When a child is diagnosed with autism, families face a lifelong financial load they should not be left to shoulder alone, says a new report from the University of Calgary.
Researchers from the School of Public Policy found the costs of care can be staggering — as much as $159,000 a year for an adult needing 24-hour care.
And while the extra expenses begin in childhood, the gaps in public supports and services are particularly glaring for adolescents who leave the school system — and the care and daily structure that go with it.
“There’s a support cliff that comes at age 18,” report co-author and professor of economics Herb Emery, said in an interview.
The result of the cost burden is “we’ve destroyed families and bankrupted them.”
He said that at a time when prevalence is rising, governments have to start developing policies and budgets that consider the costs of caring for those with autism and other developmental disabilities into adulthood, rather than leaving families floundering without adequate support.
The report comes at a time when Ontario is reviewing the mounting demand for services for those with autism, which currently affects roughly one in 88 children and is the most common neurological disorder diagnosed in children.
Ontario Ombudsman André Marin launched an investigation into the dire lack of services for young adults with autism and other developmental disorders after several families in crisis threatened to abandon their children because they could no longer care for them. Marin has received more than 1,000 complaints from parents who are broke, sick or unable to find programs or group homes to keep their adult children safe.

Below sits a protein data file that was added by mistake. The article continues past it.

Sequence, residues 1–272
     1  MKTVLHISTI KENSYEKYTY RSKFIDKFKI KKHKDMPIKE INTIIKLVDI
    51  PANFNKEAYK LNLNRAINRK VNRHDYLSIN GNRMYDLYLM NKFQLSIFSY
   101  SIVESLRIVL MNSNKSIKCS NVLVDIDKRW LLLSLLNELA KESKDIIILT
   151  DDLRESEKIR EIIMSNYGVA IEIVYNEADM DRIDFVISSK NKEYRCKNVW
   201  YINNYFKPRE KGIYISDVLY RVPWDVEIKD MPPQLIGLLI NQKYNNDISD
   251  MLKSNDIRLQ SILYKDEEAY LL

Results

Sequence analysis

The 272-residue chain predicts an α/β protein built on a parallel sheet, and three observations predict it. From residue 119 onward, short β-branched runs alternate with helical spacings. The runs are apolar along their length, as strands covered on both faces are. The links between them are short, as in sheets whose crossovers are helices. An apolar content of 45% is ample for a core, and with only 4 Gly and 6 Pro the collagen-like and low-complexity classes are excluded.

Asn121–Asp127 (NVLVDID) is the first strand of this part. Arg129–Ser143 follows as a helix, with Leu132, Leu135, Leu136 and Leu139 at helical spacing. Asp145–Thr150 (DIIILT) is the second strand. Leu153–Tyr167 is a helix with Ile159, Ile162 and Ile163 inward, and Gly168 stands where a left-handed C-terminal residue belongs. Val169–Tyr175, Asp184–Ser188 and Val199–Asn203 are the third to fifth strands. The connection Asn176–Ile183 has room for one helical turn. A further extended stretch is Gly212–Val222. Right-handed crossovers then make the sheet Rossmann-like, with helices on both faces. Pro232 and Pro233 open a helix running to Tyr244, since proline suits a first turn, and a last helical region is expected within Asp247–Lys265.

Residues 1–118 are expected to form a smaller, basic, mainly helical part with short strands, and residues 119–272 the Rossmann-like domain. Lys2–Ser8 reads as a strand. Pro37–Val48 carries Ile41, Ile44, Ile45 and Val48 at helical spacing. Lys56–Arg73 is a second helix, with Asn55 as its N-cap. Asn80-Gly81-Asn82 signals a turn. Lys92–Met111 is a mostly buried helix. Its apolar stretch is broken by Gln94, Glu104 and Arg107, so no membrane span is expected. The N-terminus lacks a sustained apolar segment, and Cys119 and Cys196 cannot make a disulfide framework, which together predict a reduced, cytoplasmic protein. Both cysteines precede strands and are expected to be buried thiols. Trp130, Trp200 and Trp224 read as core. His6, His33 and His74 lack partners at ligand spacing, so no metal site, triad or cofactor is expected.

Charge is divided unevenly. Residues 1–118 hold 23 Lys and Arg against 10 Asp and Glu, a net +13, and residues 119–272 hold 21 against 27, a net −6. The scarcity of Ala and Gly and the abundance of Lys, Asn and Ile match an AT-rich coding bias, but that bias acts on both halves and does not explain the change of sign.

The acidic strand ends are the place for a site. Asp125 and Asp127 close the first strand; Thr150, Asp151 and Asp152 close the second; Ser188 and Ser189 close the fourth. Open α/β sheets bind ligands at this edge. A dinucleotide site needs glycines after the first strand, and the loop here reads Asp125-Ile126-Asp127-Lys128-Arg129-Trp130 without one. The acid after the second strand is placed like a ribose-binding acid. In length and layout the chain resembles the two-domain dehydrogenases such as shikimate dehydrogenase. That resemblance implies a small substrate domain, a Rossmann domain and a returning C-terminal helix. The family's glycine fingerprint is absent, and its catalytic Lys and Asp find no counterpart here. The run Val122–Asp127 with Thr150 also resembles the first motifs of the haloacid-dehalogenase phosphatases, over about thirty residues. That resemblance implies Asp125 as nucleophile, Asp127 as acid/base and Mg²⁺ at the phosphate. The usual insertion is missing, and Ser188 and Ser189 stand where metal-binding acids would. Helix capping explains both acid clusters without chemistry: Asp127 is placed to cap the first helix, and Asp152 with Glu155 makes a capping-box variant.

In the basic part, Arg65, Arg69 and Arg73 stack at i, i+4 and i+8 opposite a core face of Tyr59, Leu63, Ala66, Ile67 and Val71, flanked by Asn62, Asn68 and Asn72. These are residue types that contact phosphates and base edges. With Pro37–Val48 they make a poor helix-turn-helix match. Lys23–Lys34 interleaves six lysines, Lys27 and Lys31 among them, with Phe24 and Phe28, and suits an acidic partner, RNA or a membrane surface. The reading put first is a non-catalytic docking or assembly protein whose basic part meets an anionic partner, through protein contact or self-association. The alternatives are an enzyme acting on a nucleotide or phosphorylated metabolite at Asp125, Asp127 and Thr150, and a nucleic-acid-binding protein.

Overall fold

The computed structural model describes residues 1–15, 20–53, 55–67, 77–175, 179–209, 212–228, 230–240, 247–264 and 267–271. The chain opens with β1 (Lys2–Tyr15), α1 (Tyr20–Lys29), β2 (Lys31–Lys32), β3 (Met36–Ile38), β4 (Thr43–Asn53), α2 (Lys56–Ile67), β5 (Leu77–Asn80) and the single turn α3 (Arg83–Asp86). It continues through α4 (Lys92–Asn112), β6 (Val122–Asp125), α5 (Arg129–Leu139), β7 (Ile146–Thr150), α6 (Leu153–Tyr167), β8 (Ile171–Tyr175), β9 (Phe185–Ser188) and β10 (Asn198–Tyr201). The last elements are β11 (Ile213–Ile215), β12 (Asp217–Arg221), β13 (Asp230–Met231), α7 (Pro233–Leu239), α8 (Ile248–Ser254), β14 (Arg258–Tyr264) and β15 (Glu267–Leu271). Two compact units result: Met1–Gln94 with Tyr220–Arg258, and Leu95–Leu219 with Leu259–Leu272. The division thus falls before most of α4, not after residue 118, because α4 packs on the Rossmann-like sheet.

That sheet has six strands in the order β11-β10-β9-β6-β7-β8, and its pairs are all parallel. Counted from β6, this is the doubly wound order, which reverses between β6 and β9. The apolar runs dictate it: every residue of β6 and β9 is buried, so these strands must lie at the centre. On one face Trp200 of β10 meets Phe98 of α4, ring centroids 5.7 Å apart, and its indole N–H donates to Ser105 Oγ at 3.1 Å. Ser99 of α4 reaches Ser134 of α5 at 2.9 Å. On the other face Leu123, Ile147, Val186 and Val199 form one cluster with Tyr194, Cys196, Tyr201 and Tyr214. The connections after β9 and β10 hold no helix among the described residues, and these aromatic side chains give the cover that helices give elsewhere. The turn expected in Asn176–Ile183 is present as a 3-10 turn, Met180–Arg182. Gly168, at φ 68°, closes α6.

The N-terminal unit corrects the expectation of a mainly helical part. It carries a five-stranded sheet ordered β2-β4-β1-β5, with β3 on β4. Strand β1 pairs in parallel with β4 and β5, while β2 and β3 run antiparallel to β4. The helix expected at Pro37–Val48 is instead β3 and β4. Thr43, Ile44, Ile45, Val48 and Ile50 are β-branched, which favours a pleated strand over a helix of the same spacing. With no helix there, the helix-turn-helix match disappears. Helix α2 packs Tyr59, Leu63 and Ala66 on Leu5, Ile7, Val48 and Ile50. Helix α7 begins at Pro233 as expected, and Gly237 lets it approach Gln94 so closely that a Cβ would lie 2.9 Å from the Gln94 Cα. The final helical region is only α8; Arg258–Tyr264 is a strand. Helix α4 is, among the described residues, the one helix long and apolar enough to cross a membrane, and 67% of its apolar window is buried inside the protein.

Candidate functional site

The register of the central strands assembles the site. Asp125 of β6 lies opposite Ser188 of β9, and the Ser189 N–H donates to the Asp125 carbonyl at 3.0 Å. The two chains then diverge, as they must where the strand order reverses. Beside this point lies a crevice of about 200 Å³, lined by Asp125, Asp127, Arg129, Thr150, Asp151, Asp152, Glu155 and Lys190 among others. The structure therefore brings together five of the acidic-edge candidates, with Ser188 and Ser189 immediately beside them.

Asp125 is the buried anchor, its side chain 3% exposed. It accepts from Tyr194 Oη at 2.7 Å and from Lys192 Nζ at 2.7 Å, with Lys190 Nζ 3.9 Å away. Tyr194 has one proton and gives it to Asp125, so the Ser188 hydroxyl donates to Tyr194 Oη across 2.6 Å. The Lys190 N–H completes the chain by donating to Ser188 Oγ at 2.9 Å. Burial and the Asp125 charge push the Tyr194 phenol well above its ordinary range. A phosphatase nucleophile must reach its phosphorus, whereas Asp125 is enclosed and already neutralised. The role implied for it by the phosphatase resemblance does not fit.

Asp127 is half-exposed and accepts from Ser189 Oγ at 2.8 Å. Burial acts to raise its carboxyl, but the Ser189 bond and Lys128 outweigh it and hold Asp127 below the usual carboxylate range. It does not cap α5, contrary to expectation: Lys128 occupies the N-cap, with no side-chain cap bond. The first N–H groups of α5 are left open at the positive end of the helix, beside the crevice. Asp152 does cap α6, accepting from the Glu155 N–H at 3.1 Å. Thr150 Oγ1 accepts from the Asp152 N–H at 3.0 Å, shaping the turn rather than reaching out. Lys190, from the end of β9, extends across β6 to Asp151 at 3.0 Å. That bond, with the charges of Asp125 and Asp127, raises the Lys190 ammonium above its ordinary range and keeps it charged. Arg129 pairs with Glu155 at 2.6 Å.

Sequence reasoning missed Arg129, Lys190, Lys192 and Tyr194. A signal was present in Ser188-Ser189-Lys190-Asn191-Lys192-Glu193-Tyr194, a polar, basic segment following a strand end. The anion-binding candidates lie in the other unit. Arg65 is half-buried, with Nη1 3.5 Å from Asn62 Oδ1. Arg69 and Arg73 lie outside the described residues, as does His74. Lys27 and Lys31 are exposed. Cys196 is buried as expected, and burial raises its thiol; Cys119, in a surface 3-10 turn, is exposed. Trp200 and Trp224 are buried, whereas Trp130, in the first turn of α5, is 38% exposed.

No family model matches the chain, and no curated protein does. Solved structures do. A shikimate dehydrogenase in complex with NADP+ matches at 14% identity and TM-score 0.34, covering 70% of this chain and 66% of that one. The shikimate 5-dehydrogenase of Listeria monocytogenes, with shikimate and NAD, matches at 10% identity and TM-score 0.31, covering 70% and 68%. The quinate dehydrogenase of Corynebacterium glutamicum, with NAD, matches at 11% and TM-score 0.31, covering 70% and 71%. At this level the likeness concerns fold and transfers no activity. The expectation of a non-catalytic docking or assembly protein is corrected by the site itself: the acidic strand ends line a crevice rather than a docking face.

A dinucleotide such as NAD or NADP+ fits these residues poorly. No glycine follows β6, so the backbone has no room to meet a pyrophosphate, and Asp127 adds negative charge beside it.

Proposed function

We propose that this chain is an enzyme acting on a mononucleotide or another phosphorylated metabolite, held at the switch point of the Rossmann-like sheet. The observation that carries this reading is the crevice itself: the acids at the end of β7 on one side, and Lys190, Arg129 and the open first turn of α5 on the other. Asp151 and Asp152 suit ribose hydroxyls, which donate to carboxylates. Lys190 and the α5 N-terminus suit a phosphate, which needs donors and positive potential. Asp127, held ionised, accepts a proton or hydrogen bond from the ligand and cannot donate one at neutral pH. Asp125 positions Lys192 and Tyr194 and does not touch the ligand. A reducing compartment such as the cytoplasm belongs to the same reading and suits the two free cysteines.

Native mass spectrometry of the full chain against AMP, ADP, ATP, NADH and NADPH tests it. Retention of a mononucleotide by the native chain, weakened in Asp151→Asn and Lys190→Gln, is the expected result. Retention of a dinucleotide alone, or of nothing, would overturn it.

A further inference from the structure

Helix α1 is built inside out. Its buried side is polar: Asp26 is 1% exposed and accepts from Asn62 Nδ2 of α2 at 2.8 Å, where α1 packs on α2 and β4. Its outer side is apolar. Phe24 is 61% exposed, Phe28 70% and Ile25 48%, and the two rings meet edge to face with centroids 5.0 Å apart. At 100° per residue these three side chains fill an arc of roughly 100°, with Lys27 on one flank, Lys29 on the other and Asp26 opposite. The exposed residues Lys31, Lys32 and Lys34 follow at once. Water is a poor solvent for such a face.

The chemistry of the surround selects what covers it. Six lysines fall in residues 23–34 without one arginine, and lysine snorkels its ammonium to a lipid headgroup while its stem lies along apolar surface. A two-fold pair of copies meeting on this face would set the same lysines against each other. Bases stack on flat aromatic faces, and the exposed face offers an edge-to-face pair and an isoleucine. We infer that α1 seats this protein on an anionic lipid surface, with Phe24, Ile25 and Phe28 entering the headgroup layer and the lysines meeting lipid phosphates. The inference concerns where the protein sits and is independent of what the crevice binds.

The Calgary research is the first of its kind to tabulate the caregiver costs by using an actuarial approach that considers replacement costs of care and the risks associated with not providing it.
Emery said the results are conservative and show that society and governments have consistently underestimated the financial burden.
The researchers used three examples across the autism spectrum. They found care for someone considered high-functioning and needing only occasional support would be about $31,000 a year on average, while costs for someone needing 24-hour supervision would be $159,000.
They estimated the lifetime caregiving costs for someone with severe autism needing round-the-clock support could be as much as $5.5 million.
“Only a very few families will have the means to afford to pay for total care,” the report said. “So in most cases, the responsibility for care falls largely, if not entirely, on the family, or in the worst-case scenario, the autistic individual is left with inadequate care.